Media Say Trump Is About To Fire National Security Adviser McMaster, White House Denies

RT
March 16, 2018

Reports in US media about President Donald Trump’s plans to fire National Security Adviser H.R. McMaster have prompted the White House to issue a denial. This comes days after Trump fired Secretary of State Rex Tillerson.

On Thursday, CNN and the Washington Post, citing sources with knowledge of the situation, reported that Trump has been actively searching for a replacement for the three-star general. McMaster fell out of favor due to his lack of flexibility and unnecessarily long briefings, two sources told the Post, referring to conversations the president had with Chief of Staff John Kelly. CNN reported that McMaster might be sacked as soon as Friday.

Hours after both reports came out, White House Press Secretary Sarah Huckabee Sanders dismissed them, saying that “contrary to reports” McMaster and Trump “have a good working relationship and there are no changes at the NSC [National Security Council.]“

Reports have been circulating that more heads could be about to roll in the Trump administration in the near future.
Speaking to reporters on Thursday, Trump, however, dismissed rumors of a major looming shake-up as “very exaggerated.”

“The story was very false. They wrote a story about staff changes today that was very false,” Trump said when asked by a reporter if there were “any more staff changes coming.”
While Trump did not specify what story he was referring to, Fox News published a report on Wednesday, claiming that McMaster, as well as Department of Veterans Affairs Secretary David Shulkin and Chief of Staff John Kelly might be the next to go.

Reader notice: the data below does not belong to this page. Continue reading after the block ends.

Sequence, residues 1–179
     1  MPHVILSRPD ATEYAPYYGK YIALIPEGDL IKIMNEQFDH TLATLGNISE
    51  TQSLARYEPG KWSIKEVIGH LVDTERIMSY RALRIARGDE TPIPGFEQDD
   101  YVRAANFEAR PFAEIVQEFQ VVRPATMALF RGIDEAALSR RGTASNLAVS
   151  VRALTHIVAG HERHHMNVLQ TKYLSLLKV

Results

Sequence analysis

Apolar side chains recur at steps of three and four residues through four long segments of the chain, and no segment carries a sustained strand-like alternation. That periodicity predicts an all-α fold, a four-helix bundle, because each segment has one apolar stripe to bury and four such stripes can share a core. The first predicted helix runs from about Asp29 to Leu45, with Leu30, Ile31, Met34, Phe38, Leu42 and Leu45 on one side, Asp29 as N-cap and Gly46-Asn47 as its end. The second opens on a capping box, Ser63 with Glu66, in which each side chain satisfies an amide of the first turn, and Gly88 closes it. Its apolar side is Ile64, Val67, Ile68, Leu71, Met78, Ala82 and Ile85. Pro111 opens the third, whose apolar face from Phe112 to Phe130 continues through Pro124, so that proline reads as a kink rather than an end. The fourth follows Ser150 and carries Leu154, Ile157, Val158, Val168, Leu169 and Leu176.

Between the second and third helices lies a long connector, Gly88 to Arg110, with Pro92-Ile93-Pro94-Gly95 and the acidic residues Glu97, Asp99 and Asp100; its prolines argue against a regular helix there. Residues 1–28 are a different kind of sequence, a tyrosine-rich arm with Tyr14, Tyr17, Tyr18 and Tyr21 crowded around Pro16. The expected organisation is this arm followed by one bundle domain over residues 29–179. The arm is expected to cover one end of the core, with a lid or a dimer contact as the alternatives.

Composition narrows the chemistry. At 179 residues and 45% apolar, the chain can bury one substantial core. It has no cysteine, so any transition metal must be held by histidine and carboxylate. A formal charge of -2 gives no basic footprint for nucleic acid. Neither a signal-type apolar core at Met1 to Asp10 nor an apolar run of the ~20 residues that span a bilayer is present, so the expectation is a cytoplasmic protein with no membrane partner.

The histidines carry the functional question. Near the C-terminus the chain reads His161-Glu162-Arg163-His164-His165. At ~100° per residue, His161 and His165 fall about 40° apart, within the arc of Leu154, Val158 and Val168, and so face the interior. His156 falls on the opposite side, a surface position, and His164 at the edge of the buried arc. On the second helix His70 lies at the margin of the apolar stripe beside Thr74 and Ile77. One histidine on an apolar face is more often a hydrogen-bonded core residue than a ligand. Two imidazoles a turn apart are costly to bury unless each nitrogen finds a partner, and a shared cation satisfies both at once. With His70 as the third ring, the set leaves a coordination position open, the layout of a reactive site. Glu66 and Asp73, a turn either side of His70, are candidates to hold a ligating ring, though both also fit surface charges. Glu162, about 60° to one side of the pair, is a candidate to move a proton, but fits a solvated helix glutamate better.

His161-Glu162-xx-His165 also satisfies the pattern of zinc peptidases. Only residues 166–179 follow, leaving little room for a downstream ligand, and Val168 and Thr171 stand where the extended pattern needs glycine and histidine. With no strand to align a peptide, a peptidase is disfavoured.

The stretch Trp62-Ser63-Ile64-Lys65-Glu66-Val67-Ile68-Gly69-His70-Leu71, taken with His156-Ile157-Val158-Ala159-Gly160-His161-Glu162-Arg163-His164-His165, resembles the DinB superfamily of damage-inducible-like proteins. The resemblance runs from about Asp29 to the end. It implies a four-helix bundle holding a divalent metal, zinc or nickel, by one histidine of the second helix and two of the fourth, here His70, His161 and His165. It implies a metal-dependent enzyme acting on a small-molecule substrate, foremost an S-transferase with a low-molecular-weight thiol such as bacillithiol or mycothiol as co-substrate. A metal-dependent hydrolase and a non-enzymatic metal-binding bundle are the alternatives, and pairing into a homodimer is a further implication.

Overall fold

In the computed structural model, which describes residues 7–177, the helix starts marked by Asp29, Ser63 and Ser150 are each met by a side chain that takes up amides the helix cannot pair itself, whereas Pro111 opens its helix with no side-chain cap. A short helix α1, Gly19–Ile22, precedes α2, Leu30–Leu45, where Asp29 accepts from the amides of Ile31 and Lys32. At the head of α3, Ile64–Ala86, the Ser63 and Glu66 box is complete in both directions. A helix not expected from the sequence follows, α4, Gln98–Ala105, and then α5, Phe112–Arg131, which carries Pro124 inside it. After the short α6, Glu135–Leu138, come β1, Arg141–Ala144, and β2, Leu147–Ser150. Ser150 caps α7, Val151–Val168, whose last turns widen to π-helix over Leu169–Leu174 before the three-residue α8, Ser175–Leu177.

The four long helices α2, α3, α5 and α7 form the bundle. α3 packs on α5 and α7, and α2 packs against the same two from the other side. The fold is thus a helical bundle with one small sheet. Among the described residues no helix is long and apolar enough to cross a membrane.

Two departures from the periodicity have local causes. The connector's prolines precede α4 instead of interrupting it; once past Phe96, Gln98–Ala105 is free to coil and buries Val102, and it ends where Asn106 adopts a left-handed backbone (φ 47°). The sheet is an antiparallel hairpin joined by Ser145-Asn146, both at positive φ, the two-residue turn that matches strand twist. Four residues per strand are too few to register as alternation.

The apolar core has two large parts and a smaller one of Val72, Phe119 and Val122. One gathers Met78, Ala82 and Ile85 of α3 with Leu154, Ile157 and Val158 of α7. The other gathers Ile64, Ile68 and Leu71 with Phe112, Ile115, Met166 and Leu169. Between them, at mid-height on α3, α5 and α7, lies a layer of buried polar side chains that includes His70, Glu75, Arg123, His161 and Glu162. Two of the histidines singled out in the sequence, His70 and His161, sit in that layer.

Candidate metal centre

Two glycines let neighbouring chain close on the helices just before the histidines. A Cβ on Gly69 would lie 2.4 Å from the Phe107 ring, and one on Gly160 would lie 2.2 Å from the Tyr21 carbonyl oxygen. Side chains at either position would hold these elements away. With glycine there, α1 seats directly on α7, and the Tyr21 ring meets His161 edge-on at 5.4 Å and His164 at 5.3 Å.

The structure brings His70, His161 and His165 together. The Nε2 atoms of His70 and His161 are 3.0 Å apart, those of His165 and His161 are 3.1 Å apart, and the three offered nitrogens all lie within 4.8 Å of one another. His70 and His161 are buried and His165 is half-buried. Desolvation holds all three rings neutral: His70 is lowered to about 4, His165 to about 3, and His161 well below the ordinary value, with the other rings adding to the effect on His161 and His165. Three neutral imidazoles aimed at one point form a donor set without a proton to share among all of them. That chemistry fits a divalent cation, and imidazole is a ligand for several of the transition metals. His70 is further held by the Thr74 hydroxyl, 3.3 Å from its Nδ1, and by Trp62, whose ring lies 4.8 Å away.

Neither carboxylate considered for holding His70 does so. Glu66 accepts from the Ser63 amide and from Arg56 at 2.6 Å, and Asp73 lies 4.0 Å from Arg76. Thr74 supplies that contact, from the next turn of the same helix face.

“There will always be change, but very little,” Trump said, without providing further details.

The speculation of a new high-ranking dismissal in the Trump White House comes on the heels of the abrupt ouster of former Secretary of State Rex Tillerson and his looming replacement with CIA Director Mike Pompeo.

Tillerson was reportedly unaware of his firing before he was shown the tweet from Trump announcing his removal. After Tillerson’s aide, former Under Secretary Steve Goldstein, said his boss was surprised by the message and would have liked to stay in office, he was sacked the same day.

For the adherents of the “Trump-Russia collusion” narrative, Tillerson’s sacking was a definite sign that Trump won’t tolerate his people taking a stance against Moscow – which Tillerson did right before he was fired by accusing Russia of poisoning former double agent Sergei Skripal in the UK. What they chose to ignore was that his chosen successor, CIA Director Mike Pompeo, is known for having a much more hawkish stance on Russia.

The pattern was immediately repeated in response to the McMaster firing rumors, with many commentators rushing to look for a Russian trail in the story.

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